The churches were moderately interested: Maybe it would be worth doing. The JESUS film project offered the use of one of their staffers, along with a projector and screen. We took care of him and covered his costs; he showed the JESUS film in the crowds’ Mayan language and preached a short message and gave an invitation in that same local language. And it multiplied the churches’ reach at no cost to them!
Our group of American gringos, frankly, were the bait to draw a crowd.
Each night we had a good turnout. Some people walked three miles to attend. They seemed interested and somewhat responsive. The church elders stood around watching the crowd and conversing with those who came.
We completed the same routine for four nights in different locations. Then, the group headed home.
The idea: Church leaders would try to follow up with the people they saw at the film-showing over the next 10 days, visiting them in their fields or homes.
Two weeks later we repeated the process with a second national church group and four more locations, showing the JESUS film in a language none of us knew.
“Was it worth it?”
And then we all went home and I asked “Was it worth it?”
I wanted it to be worth the month we had spent with those two groups helping them see what we did there in the mountains. I wanted it to be worth it for both the wide-eyed group from Texas and the collection of churches we had tried to serve.
And then about a month later I walked into the office and some of those same church leaders were there.
I’d had no idea they were coming. But they seemed to have a good meeting.
It turns out they had indeed followed up with the people who they had seen at the showings of the Jesus film. And at each location they’d added 3 or 4 families to the Bible studies or home churches they were trying to start!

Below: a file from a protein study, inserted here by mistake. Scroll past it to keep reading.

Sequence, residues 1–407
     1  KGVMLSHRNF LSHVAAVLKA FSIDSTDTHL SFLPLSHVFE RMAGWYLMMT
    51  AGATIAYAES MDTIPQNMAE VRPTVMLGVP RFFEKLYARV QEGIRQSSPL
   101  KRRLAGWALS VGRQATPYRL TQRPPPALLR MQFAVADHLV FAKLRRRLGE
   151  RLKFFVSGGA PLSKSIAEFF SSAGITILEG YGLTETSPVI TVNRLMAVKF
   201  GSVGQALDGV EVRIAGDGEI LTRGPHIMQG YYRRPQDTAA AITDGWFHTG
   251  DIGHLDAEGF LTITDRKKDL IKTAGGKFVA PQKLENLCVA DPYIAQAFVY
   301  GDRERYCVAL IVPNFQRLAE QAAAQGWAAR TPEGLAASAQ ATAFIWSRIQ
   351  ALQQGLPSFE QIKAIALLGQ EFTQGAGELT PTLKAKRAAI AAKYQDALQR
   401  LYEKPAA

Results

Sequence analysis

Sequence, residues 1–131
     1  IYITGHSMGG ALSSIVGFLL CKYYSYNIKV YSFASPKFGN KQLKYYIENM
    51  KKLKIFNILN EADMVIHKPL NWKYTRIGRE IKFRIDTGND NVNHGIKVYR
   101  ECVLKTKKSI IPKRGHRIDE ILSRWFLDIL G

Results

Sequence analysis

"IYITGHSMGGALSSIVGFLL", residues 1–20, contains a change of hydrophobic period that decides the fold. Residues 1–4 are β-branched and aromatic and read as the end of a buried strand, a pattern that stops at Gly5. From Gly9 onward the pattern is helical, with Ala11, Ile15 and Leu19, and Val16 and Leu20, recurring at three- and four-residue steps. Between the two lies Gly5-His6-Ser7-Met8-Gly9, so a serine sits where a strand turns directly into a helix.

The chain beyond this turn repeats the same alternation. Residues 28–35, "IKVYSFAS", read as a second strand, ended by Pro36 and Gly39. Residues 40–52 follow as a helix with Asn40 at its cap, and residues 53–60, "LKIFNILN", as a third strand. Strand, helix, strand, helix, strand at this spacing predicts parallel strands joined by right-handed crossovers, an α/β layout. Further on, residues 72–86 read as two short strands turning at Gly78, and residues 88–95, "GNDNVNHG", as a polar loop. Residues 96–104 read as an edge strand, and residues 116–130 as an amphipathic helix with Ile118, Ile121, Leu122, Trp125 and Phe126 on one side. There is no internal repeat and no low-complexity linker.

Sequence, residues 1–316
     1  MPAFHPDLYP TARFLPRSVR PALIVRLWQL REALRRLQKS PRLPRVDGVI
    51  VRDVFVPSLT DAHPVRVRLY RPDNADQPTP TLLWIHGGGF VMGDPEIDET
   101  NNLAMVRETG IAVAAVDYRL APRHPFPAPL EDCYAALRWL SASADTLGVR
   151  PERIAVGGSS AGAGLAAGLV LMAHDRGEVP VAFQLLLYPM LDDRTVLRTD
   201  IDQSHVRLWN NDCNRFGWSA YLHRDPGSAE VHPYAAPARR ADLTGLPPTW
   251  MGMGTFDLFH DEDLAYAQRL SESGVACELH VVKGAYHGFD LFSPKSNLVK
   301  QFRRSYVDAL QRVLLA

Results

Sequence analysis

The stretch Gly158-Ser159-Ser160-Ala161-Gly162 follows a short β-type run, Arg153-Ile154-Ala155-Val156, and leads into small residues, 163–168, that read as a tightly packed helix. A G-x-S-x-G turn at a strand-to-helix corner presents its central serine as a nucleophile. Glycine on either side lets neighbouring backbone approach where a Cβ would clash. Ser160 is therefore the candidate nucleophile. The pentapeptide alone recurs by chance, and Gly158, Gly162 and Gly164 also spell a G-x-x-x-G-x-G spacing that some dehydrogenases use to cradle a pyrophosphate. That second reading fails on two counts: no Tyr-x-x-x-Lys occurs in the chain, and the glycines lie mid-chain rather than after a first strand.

They had come to visit with my national teammate, Melvin, to find out how they could arrange to do the same thing all year long on their own.
What Keeps YOU Going
Yes, that made my day. That’s what keeps me going; it’s why I came. So what if they hadn’t talked to me about it?
Their question verified that the new untried evangelism event we had put together actually helped them. It apparently had turned out to be more productive than any “outreach program” they had tried.
We’d ensured all costs of the group would be covered–and the churches had experienced a new tool for growing their churches. And now they wanted to make it their own!
God had obviously showed up. Now, decades later, it’s an event I hang my hat on after all the mysteries of missions: Is what I’m doing working? Are there results to show from all I’m giving up?
When you get to see results that clearly, it keeps you going for a good long while. It did for me!
And even today when I think back over that and other events, unique though each one was, it is a constant encouragement. God calls us to serve him and others, and he is the one who creatively weaves the threads of ministry to produce what he calls success.
It’s well worth remembering those times when you got to see his fingers weaving success into what he’s called you to do.